The benefits of this intervention are immense: increased economic productivity, job creation, private sector investment, human capacity development and much-needed world class expertise. Worldwide, rail infrastructure has been proven to reduce costs and wastage of goods; increase economic trade between farmers/miners and industry and between traders and consumers; and grow business competitiveness and increase operational efficiency.

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Nigeria Signs Rail Project with China

May 16, 2018–Nigeria has awarded a $6.68 billion contract to the China Civil Engineering Construction Corp. (CCECC) for work on a major segment of a railway linking the country’s commercial hub Lagos, in the southwest, and Kano in the north, Xinhua reported May 15.

“The signing of the segment contract agreement today [May 15] concludes all outstanding segments of he Lagos-Kano rail line,” Xinhua quoted Nigeria’s Transport Ministry as saying. The work is expected to take two or three years. CCECC, a subsidiary of China Railway Construction Corp., has been involved in other parts of the Lagos-Kano rail project, which started in 2006 and was broken into segments for implementation.

In 2016, Nigeria awarded work on a segment between the northern states of Kano and Kaduna with a contract sum of $1.685 billion. The railway line already receives funding from China Exim Bank which in April approved a $1.231 billion loan for network modernization programs. Nigeria is also negotiating with Russia, on projects within the ambitious national rail development program which requires investments totaling $46 billion.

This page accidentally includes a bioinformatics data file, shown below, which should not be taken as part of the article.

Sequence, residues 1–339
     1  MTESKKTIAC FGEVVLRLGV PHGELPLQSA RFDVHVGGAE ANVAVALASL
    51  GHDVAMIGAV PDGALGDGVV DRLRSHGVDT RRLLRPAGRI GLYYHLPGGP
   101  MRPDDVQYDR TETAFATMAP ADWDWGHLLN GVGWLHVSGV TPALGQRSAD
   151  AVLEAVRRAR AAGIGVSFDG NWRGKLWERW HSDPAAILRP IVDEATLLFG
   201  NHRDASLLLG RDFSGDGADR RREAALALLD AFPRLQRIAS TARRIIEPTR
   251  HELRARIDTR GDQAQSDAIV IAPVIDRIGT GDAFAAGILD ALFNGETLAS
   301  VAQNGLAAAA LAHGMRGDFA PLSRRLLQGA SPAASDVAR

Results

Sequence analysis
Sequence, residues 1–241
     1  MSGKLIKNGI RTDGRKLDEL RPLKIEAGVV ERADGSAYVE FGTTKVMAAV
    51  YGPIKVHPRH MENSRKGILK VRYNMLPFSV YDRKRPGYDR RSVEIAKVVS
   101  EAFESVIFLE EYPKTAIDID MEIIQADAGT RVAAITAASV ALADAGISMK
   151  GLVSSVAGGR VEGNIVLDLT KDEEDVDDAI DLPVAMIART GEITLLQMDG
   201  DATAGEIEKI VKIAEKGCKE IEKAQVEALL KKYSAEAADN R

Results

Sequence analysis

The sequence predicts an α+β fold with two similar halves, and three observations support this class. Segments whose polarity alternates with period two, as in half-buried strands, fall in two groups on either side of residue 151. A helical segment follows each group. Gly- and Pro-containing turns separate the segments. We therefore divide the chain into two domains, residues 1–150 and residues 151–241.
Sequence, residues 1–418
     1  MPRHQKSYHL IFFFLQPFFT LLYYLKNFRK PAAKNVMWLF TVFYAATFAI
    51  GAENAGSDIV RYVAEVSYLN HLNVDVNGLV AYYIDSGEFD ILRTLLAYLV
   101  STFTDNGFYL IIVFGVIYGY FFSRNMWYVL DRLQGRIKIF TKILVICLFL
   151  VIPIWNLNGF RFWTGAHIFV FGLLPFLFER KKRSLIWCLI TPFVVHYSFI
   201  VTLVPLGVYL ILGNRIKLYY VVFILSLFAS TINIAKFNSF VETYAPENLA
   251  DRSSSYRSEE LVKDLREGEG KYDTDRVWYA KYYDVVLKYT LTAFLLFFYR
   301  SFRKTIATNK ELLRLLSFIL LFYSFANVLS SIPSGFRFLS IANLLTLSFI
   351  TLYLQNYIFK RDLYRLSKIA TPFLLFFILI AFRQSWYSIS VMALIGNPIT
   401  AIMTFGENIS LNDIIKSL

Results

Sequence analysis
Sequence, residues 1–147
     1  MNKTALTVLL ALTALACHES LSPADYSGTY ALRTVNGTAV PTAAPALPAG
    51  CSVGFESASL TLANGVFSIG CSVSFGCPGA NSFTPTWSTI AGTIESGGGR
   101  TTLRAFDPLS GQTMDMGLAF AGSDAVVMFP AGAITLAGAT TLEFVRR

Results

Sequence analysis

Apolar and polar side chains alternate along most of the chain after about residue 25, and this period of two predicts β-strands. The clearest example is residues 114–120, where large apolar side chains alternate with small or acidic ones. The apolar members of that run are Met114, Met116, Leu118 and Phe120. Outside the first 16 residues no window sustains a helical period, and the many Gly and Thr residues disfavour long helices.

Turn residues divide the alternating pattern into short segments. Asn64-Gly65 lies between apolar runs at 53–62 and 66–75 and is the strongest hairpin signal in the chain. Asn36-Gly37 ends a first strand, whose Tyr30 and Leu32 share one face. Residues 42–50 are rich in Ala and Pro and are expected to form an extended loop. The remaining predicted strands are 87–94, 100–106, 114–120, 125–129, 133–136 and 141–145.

China Civil Engineering Construction Corporation lands $6.68bn Nigeria rail project

May 16, 2018-Global Construction

By Tom Wadlow

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Construction of new highway read: Lagos Ota-Abeokuta Expressway

 

 

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Kenya`s New Mega Infrastructure, the Mombasa-Nairobi Railway

April 30, 2018

Kenya`s New Mega Infrastructure, the Mombasa-Nairobi Railway by PD Lawton, Amazing and wonderful things are happening all across Africa as this continent begins a giant leap into a modernized incredible future! China is investing in African infrastructure at an astonishing rate bringing the African nations into the New Paradigm and `Win-Win` spirit of China`s Belt and Road Initiative. By issuing credit for the construction of mega infrastructure , China is assisting African nations to invest in the future, investments based on the development of Africa`s physical economy! We are so fortunate to be alive in these times and to be able to witness the continent`s transformation with mega development projects which will free the human creativity of Africa`s people and provide them with an economic renaissance.

The Mombasa-Nairobi Standard Gauge Railway is the largest and most expensive infrastructure project ever undertaken in Kenya.It is 480km of super modern construction that traverses mountain ranges, wetlands and national parks. The project has found innovative solutions to a multitude of social, environmental and geographic problems in its journey from the Indian Ocean port of Mombasa directly into the interior of East Africa and  Kenya`s thriving capital Nairobi, home to over 4 million people. Mombasa is the largest sea port in East Africa and its key trade gateway.

Continue reading: Kenya`s New Mega Infrastructure, the Mombasa-Nairobi Railway

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East-West Railroad Would Transform the African Continent